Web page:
A good latke recipe is worth guarding
Crispy Hanukkah potato pancakes make an easy one-dish holiday meal.
By Laura Reiley, Times Food Critic
Published December 5, 2007
It was the kind of friendship that had a subtle, competitive edge to it. Their kids' accomplishments, their tennis game, that sort of thing. Around the Jewish holidays, the gentle rivalry got a little more intense. Hamantaschen, brisket, matzo ball soup - the stakes rose as we'd gather first at one house and then the other.
Reluctantly, I must admit that Mrs. Weber's latkes edged out those of my mother-in-law.
They were smallish, a little bigger than a silver dollar, golden and crisp on the outside, giving way to a softer, faintly oniony center. Perfectly salted and greaseless, they could leave you plotzed on the couch for hours in a contented stupor.
It was with slight feelings of disloyalty that I e-mailed Mrs. Weber a few years ago, asking for her recipe. Get this: She demurred. She hemmed and hawed, growing vague about the details of the recipe. What, did she think I'd immediately rush her proprietary secrets to my mother-in-law? To be fair, maybe Mrs. Weber's latke recipe was a by-the-seat-of-the-pants, intuitive thing: grated potatoes, some onion, some egg, a pinch of salt.
Undeterred, I aimed to muddle through on my own.
Latkes fried in oil are a traditional Hanukkah treat - a reminder of the food hastily prepared for the Maccabees as they went into battle, the oil in memory of the miraculous oil that burned for eight days when they purified and rededicated the holy Temple in Jerusalem.
Aside from all that, latkes are a great one-dish holiday meal the whole family can take part in making. Kids can peel and grate the potatoes watch those knuckles, then toss in a few extra ingredients and it's time to fry. The starchier the potato (baking potatoes are the starchiest, boiling potatoes the least), the crisper the pancake.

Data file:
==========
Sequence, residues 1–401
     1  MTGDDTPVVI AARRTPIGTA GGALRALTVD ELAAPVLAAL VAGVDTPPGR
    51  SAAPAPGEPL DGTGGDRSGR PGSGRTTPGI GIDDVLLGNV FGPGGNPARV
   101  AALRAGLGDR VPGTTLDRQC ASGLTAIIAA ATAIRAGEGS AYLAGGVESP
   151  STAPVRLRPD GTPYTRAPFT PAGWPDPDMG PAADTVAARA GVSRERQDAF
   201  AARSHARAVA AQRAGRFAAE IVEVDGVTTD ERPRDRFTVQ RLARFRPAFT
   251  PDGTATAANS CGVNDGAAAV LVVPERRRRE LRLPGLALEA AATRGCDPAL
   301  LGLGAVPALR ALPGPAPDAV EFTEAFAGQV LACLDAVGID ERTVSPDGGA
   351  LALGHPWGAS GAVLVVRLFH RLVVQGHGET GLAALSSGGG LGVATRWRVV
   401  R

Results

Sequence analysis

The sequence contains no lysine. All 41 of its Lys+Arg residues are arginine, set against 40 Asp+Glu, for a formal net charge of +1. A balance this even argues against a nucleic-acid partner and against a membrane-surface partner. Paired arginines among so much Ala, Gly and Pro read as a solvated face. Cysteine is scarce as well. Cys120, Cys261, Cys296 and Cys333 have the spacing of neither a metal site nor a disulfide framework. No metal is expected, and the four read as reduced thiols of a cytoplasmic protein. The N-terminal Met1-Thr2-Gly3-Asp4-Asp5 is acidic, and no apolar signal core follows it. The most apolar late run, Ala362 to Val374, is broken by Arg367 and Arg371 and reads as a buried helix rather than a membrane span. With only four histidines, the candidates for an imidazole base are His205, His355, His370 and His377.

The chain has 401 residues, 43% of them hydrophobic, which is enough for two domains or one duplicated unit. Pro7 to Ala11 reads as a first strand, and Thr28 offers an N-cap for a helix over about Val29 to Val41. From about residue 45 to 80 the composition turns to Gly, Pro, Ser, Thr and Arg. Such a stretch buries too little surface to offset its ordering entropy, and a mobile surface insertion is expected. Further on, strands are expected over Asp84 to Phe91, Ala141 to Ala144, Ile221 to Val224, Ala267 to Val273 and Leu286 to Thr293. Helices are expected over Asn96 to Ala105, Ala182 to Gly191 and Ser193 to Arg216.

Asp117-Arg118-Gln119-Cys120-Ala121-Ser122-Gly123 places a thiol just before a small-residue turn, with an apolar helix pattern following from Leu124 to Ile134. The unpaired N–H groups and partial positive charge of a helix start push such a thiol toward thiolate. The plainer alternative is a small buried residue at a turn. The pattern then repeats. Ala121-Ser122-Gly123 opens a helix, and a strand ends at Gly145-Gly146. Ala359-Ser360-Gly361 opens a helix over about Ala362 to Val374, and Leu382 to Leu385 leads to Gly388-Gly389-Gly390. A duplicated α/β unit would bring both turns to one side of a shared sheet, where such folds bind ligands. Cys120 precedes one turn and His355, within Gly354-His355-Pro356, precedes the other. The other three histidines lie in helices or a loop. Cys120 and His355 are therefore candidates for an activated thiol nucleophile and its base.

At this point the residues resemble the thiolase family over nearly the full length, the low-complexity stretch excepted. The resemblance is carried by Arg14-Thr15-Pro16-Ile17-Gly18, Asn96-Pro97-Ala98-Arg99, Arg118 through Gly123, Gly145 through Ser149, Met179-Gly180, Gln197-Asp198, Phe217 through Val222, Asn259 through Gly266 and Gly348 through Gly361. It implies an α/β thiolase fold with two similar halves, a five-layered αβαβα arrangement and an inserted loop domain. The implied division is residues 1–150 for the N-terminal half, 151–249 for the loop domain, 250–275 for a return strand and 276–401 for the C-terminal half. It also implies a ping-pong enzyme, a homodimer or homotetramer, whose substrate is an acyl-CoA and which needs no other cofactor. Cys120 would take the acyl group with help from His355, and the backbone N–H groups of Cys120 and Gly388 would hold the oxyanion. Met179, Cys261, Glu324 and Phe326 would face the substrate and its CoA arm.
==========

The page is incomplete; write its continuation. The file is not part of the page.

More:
This recipe results from sheer perseverance and trial and error. Mrs. Weber, eat your heart out.
Laura Reiley can be reached at (727) 892-2293 or email@example.com">href="mailto:firstname.lastname@example.org" mce_href="mailto:email@example.com">firstname.lastname@example.org Her blog, the Mouth of Tampa Bay, can be found at www.blogs.tampabay.com.
1 pound baking potatoes (3 medium)
1/2 white or yellow onion, grated (about 1/2 cup)
1 jumbo egg, stirred slightly
1/2 teaspoon kosher salt
Vegetable oil or pure olive oil (not extra-virgin) for frying
- Peel potatoes, placing each peeled potato in a large bowl of cold water. Hand-grate them coarsely or use the grating attachment of a food processor, transferring grated potato back to the bowl of cold water. This keeps the potato from turning brown.
- Squeeze potato out by handfuls and spread it on a large kitchen towel, sprinkle onion evenly over the potato, and roll up so you have a long, potato-filled snake. Twist that towel tightly over the sink to wring out as much liquid as possible. Scrape the potato-onion mixture off the towel and into a medium bowl. Stir in egg and salt.
- Preheat oven to 275 degrees. Place an ungreased cookie sheet fitted with a wire rack in the oven. Heat about 1/4 cup oil in a large nonstick skillet over medium heat. Spoon 2 tablespoons of potato mixture per latke, tamping down with the back of the spoon to form 3-inch-diameter disc. Cook over medium heat 4 to 5 minutes, until underside is golden. Flip them carefully (the lack of flour can make them delicate) and cook until the other side is brown, 5 minutes more.
- Transfer to paper towels, salt lightly and slide into the oven on the wire rack. This keeps the underside crisp. Add more oil to skillet and repeat until all potato mixture has been used. Serve immediately with bowls of sour cream and applesauce.
Makes 4 servings (approximately 16 latkes).
Source: Laura Reiley, Times food critic